The Mousetrap – Review – Sheffield Lyceum
The Mousetrap – Review
Sheffield Lyceum, February 2019
by Sarah Morgan
I’ve been a fan of Agatha Christie and of the theatre for as long as I can remember, so how come I’ve only just gotten around to seeing The Mousetrap, her most famous play, which has been running in the West End for 67 years?
I’m struggling to find an answer to that, but I’m glad to say that the wait was well worth it.
Okay so The Mousetrap isn’t a masterpiece, nor is it even among the best of Christie’s work, but it’s hugely enjoyable hokum that is entirely actor proof – there was some severe overacting in the touring version I saw, but somehow it only added to the charm.
The plot focuses on a bunch of people staying at the Monkswell Manor Guest House, newly opened by Mollie and Giles Ralston, who have no head for business but the kind of pluck one imagines the middle classes once had.
Among them is a retired major, an eccentric Italian, a miserable middle-aged woman, a young man with an artistic personality and a younger female whose masculine attire seems to confuse everyone. While snowed-in during a blizzard, a police sergeant appears to warn them that somebody wants one or more of them dead for the part they played in a case of child cruelty some years before.
What unfolds is a cunning whodunit, although those familiar with Christie’s style will probably work out who the killer is long before the truth comes out on stage. Not that it matters too much, because in this case, the journey is far more fun than the eventual destination.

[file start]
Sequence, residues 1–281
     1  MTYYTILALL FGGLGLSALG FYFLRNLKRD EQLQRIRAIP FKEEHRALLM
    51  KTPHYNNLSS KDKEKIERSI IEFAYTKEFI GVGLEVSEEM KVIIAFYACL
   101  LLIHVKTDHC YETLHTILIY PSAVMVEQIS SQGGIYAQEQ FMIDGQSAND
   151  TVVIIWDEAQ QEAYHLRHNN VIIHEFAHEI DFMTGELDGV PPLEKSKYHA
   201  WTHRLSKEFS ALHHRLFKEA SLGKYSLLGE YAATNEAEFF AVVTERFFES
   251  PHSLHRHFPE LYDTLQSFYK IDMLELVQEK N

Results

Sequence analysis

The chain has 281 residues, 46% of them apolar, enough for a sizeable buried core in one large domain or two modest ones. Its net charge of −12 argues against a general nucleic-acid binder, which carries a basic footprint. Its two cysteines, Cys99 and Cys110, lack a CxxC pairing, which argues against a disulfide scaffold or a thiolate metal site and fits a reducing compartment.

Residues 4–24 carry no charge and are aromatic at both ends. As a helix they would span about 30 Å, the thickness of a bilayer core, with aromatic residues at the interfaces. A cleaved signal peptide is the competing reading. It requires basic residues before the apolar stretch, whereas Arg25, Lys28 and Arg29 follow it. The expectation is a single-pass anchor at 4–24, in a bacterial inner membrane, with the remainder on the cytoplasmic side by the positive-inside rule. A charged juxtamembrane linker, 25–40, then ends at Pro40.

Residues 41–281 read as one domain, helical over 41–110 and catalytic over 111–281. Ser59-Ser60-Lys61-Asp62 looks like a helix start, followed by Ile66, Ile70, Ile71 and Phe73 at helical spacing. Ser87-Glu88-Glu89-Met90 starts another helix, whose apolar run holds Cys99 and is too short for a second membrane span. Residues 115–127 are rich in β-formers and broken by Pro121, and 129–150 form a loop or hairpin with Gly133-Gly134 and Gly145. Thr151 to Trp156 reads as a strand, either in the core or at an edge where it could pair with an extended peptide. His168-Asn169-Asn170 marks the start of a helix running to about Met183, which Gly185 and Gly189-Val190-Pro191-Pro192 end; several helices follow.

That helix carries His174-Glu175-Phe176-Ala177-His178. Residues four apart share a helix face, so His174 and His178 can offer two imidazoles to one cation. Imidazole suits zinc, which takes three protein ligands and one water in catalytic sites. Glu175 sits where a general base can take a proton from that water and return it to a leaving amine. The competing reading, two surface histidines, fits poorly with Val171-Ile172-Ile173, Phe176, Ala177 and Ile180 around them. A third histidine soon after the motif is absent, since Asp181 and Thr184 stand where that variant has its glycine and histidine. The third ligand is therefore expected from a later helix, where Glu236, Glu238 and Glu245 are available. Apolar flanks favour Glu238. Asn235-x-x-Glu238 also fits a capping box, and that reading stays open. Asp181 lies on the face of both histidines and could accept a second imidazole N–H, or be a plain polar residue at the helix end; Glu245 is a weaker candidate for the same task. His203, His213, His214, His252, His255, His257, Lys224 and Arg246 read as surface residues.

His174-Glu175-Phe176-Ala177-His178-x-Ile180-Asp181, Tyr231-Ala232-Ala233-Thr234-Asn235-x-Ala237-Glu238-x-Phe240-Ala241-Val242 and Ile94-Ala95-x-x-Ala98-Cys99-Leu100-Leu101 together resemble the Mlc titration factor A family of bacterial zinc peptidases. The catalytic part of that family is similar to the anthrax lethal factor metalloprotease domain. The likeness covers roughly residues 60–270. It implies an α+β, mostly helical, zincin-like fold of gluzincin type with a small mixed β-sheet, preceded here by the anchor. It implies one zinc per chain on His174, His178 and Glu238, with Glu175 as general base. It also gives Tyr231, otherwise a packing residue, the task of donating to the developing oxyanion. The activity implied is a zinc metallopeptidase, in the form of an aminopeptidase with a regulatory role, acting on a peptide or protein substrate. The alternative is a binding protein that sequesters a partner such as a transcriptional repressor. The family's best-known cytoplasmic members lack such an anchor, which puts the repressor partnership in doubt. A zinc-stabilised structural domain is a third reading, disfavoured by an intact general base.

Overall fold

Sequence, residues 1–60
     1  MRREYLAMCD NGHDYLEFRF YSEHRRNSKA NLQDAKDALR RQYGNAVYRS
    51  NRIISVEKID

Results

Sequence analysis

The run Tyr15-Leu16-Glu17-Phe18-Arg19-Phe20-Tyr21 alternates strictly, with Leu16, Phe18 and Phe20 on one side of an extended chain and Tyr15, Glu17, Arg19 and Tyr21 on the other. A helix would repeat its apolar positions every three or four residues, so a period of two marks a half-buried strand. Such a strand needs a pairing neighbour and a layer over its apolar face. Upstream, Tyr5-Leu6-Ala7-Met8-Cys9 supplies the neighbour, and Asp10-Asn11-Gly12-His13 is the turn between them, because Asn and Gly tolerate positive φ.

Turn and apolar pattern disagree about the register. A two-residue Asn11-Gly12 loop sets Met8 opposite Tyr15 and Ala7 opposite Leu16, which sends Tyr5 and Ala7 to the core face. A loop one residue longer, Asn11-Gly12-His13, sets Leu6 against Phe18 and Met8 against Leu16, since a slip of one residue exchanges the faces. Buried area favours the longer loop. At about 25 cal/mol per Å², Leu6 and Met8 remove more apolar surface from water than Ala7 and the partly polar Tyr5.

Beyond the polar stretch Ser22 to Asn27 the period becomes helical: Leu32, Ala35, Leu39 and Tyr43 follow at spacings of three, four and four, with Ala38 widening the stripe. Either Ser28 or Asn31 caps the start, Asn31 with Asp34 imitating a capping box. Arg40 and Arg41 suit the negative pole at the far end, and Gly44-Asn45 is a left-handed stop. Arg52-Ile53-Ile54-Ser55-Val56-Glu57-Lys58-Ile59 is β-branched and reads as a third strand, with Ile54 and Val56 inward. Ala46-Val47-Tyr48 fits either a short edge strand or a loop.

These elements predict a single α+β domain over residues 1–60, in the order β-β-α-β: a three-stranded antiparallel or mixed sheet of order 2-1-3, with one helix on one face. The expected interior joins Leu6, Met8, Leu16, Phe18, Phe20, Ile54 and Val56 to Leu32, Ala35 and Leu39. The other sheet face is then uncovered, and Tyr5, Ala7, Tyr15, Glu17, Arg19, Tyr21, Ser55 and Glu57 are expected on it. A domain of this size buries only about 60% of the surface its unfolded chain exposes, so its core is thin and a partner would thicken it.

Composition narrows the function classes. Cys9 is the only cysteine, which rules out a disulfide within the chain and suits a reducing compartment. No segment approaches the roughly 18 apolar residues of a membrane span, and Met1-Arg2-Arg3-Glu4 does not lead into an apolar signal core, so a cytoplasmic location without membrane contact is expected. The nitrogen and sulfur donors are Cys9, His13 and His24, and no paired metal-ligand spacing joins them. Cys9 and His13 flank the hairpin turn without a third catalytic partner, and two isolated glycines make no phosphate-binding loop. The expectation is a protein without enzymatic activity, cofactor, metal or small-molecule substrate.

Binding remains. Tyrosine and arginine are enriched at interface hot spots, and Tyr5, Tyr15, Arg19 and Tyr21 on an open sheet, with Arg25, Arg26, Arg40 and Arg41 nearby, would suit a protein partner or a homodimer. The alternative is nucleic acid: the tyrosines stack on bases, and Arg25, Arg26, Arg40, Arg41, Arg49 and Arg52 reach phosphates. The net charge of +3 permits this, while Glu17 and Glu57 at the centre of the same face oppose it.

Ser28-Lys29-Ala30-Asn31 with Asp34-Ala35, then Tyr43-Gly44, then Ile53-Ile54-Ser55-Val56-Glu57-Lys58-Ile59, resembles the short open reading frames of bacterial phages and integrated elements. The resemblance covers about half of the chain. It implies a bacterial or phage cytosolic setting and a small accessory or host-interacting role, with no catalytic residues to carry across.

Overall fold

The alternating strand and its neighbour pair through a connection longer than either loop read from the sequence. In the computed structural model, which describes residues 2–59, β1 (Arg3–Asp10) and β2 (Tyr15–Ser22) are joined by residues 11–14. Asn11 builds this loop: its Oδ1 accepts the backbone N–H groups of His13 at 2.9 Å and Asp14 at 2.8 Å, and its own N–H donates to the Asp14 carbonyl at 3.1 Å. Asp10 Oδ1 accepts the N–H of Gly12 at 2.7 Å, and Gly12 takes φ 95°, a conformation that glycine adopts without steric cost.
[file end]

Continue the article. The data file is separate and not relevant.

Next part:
“Keep on entertaining”
The most recognisable cast member is Gwyneth Strong, aka Cassandra in Only Fools and Horses; it’s rather odd that one of the characters here is also called Trotter! But it’s ex-York University student Lewis Chandler who steals the show as the lovable if troubled Wren – surely big things await this talented performer.
Whether Christie intended The Mousetrap to be quite as camp as this production certainly is remains unknown, but it’s obvious why it has such longevity – it offers a view of England as we like to believe the past once was. That’s also perhaps why so many tourists flock to see it; it gives them a view of the country they had hoped to find.
Whatever the case, The Mousetrap is set to keep on entertaining new generations of theatregoers for decades to come – providing they do as the cast asks at the end of the performance by keeping the killer’s identity a secret forever.
images: Joe Twigg Photography